One of the up and comers was Susan Sloane, featured in the article below.
The article also providea glimpse into the tennis academy system that Nick Bolletieri pioneered.
`Life` Giving Sloane A Star Treatment
December 11, 1985|By Jim Sarni, Staff Writer
POMPANO BEACH — A day in the life of junior tennis player Susan Sloane.
Or rather, Life in the day of Susan Sloane.
The Lexington, Ky., 15-year-old, the top player on the United States` Continental Players Cup team, is the subject of a feature story for the March issue of Life magazine devoted to today`s teen-agers.
And for the past week, Sloane has been getting the star treatment.
Wednesday a Life photographer showed up in Bradenton to begin shooting Sloane at Nick Bollettieri`s Tennis Academy, where she lives and trains.
Monday the photographer was still on Sloane`s trail as she walked along the beach and relaxed in her motel room. Tuesday the scene shifted to the Pompano Beach Tennis Center, where Sloane helped the top-seeded Americans survive a 2-1 opening-round victory over Yugoslavia in the Continental Players Cup.
After Yugoslavia`s Karmen Skulj defeated Cammy McGregor 6-3, 6-2, Sloane stopped Aila Winkler 6-3, 6-2 to even the singles. McGregor and Stephanie London then beat Skulj and Winkler 6-3, 7-6 (7-4) in the deciding doubles.
One can`t blame Life for focusing on Sloane. She is bright, talented and attractive. Agents have been whispering in her ear since she was 11.
Sloane could be one of America`s elite by the end of the decade. Right now, Sloane is tentatively ranked No. 3 in the country in Girls` 18s behind Stephanie Rehe and Mary Joe Fernandez. Rehe turned pro at the U.S. Open and has won two tournaments. Fernandez began to be a headliner when she became the youngest player to win a match in a pro tournament, at Bonaventure in 1984.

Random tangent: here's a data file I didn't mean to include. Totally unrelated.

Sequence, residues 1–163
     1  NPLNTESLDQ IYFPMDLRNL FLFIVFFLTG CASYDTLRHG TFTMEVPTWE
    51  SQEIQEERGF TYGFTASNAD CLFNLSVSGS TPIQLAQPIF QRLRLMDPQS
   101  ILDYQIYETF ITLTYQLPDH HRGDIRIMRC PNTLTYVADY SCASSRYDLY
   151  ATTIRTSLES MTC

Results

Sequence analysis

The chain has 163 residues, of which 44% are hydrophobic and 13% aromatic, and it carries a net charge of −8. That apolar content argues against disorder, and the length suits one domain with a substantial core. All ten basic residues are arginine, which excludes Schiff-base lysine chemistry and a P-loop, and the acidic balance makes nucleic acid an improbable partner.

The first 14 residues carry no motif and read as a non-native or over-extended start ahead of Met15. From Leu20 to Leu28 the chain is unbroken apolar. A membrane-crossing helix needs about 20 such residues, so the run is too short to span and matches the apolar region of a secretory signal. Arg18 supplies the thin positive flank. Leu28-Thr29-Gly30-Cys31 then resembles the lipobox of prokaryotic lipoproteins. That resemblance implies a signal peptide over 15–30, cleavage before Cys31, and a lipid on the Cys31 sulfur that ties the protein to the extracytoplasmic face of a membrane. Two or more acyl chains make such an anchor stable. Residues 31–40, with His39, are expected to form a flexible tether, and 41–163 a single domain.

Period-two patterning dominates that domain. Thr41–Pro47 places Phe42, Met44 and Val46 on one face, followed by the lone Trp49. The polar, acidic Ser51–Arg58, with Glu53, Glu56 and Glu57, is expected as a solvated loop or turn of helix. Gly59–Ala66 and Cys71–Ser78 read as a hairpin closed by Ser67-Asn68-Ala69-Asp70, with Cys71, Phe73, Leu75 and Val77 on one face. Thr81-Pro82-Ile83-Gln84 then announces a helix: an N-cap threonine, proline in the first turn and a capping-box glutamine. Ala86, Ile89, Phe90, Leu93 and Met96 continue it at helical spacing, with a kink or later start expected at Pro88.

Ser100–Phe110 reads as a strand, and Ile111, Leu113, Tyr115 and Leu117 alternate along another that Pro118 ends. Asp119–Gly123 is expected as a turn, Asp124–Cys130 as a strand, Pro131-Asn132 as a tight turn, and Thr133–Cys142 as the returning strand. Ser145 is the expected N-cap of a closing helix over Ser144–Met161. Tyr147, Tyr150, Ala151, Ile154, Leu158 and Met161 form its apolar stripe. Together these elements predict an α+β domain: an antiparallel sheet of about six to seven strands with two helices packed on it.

Sloane, who turned 15 last week, has been making slower, but steady, strides. After winning the Girls` 18 hardcourts, her fifth national title, she won the USTA pro tournament in Birmingham, Ala., then qualified for the U.S. Open.
``Pro tennis is my goal, and I`m working on it,`` said Sloane, a ninth- grader. ``I`ve done well at the nationals and in some pro tournaments. But I still have a long way to go.``
Sloane will get her first pro ranking Jan. 1, but she is not going to rush into a full-time professional career.
``I`ll turn pro when I`m ready,`` she said. ``Rehe turned pro at the right time. She played pro tournaments for about two years first.``
Sloane is grooming her game at Bollettieri`s, the finishing school of many pros.
``In Lexington, there are not many people to play with,`` said Sloane, who does not ride a horse or shoot an 18-foot jump shot from the top of the key.
``My coach has been working with Nick, and I decided to move there at the end of September. It`s a lot easier at the academy. Everything is right there, the tennis, Nautilus. In Kentucky, I`d have to go to all these different places.``
Sloane, the daughter of a dry-cleaner, started playing at 6; she is a typical teen-ager off the court. She listens to Duran Duran, reads Danielle Steele and watches Family Ties.
She does not seem to be in too much of a hurry to turn pro and make a million dollars.
But this week she has gotten a taste of the glamorous Life.
``I guess all the attention goes along with being a tennis player,`` Sloane said. ``It`s something you have to deal with. I can handle it.``
At the Sunshine Cup in Plantation, the defending champion United States beat Denmark 2-1 in its first match. John Boytim and Juan Farrow won their singles matches but lost the doubles.
Top-seeded Sweden, No. 2 Argentina and No. 3 Yugoslavia also advanced.